Like other professional sports franchises, the White Sox take steps to… (Ryan Jones/Reuters )
As a guy whose job it is to make sure the White Sox brand remains strong, the Manti Te'o fake girlfriend hoax represents one of chief marketing officer Brooks Boyer's worst nightmares.
"When you think of how big the Manti Te'o brand was during the season, that brand has been knocked down," Boyer said at SoxFest. "That can happen to the White Sox, it can happen to Pepsi, it can happen to anybody."
Lennay Kekua might not be a real person, but Boyer said Te'o's fake girlfriend does serve as a real-life cautionary tale for all pro athletes, especially given the fact that social media has completely changed how they interact with the public.
Boyer, himself a Notre Dame alum who spent four years on the school's basketball team, said because players are so visible, they need to take extra caution.
"If it sends any message, [it's] be aware of your surroundings," he said. "You always have to be aware because you can be a target. I am sure that [Te'o] is supremely humiliated by this entire situation."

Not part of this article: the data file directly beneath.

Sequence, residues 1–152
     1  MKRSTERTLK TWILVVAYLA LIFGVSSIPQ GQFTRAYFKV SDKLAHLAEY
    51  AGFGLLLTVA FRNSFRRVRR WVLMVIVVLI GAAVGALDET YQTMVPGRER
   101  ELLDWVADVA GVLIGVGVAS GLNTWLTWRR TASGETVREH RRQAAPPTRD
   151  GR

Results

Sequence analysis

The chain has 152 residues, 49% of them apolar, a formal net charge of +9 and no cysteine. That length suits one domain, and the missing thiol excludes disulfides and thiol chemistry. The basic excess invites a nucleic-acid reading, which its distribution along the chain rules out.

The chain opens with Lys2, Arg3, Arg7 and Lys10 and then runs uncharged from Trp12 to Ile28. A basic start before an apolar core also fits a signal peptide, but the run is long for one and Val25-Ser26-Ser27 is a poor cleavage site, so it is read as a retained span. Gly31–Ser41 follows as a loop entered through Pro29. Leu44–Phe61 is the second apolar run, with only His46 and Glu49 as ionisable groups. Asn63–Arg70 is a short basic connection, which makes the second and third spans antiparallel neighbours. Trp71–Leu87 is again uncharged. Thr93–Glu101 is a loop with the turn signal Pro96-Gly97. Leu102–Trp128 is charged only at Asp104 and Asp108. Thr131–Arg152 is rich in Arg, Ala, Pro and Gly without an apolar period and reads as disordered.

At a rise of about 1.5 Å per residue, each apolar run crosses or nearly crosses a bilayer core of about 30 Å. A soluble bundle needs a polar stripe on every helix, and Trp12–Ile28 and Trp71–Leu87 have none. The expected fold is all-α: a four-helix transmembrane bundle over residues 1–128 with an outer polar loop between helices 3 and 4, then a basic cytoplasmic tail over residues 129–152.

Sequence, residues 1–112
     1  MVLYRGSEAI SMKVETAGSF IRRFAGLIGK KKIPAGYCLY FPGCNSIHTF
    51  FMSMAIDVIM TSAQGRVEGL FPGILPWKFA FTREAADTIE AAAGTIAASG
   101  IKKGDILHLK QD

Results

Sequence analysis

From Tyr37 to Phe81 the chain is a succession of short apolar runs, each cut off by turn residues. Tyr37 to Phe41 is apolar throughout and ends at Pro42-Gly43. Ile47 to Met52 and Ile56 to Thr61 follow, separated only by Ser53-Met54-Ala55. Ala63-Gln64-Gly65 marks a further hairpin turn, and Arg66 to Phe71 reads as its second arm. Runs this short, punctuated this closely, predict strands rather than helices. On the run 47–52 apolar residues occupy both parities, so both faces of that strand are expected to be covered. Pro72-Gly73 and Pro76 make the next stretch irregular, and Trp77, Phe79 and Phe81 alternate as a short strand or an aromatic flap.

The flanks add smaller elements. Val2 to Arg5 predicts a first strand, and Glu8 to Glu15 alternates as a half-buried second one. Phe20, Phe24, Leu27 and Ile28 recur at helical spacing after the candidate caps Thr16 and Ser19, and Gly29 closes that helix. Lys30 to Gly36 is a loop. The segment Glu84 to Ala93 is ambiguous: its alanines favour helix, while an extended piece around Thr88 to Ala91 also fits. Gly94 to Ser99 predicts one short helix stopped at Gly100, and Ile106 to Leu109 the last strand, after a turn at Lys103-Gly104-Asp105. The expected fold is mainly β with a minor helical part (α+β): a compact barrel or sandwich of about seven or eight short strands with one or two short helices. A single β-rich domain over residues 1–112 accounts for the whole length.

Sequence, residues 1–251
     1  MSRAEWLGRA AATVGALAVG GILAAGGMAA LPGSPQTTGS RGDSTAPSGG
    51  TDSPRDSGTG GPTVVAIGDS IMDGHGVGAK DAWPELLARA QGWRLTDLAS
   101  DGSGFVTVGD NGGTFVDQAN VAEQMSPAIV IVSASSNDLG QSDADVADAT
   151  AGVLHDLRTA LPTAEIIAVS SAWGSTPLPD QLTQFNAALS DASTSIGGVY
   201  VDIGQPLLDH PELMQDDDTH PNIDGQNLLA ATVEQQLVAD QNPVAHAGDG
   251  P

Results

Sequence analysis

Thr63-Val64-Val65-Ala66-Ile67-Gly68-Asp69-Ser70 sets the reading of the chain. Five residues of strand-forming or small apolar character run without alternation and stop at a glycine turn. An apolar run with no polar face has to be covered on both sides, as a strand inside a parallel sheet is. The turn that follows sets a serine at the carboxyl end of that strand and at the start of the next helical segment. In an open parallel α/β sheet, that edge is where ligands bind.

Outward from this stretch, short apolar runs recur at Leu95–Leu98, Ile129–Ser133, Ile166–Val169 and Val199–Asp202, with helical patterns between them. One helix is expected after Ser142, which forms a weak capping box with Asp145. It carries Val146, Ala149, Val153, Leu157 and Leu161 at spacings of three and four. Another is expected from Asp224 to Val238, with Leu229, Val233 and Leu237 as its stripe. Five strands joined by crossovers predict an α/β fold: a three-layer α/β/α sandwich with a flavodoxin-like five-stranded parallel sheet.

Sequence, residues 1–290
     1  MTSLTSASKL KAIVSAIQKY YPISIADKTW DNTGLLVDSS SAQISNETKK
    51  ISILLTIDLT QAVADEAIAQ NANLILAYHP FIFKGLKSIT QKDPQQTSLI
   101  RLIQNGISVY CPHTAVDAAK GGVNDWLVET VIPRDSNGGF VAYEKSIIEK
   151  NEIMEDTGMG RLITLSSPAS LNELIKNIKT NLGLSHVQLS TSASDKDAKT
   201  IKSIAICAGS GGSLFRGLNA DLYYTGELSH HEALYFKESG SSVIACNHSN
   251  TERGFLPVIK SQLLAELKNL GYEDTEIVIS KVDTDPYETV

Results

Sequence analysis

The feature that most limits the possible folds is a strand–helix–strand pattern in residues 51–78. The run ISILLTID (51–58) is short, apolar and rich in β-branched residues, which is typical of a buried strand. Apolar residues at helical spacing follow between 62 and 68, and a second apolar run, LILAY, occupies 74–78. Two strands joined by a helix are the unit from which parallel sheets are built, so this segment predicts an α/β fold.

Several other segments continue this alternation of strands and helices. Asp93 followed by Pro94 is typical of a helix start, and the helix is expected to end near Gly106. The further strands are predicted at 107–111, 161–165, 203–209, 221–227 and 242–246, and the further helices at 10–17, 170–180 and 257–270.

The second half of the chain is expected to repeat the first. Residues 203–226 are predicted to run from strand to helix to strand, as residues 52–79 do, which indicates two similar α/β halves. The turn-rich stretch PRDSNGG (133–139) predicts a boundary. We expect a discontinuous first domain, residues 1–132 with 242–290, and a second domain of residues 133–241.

Preventing a similar one starts at the lowest levels of the organization.
Boyer and general manager Rick Hahn said the club had programs in place to educate players on social media responsibility from the moment they join the organization long before the Te'o incident occurred.
"We've been doing that for a little while," Hahn said. "We do that on the minor league side with [senior vice president of communications] Scott Reifert and [assistant general manager] Buddy Bell. We have special lecturers come in in spring training and spend time with minor league and major league personnel."
Hahn said one of the biggest challenges the organization faces is the fact that everyone, from the front office to the players to even the media, has to deal with the fact that social media is evolving.
"We're all sort of learning a little bit here together in terms of the team side and the player side about what the new threats are and the new pitfalls are," he said.
Matt Lindner is a RedEye special contributor.
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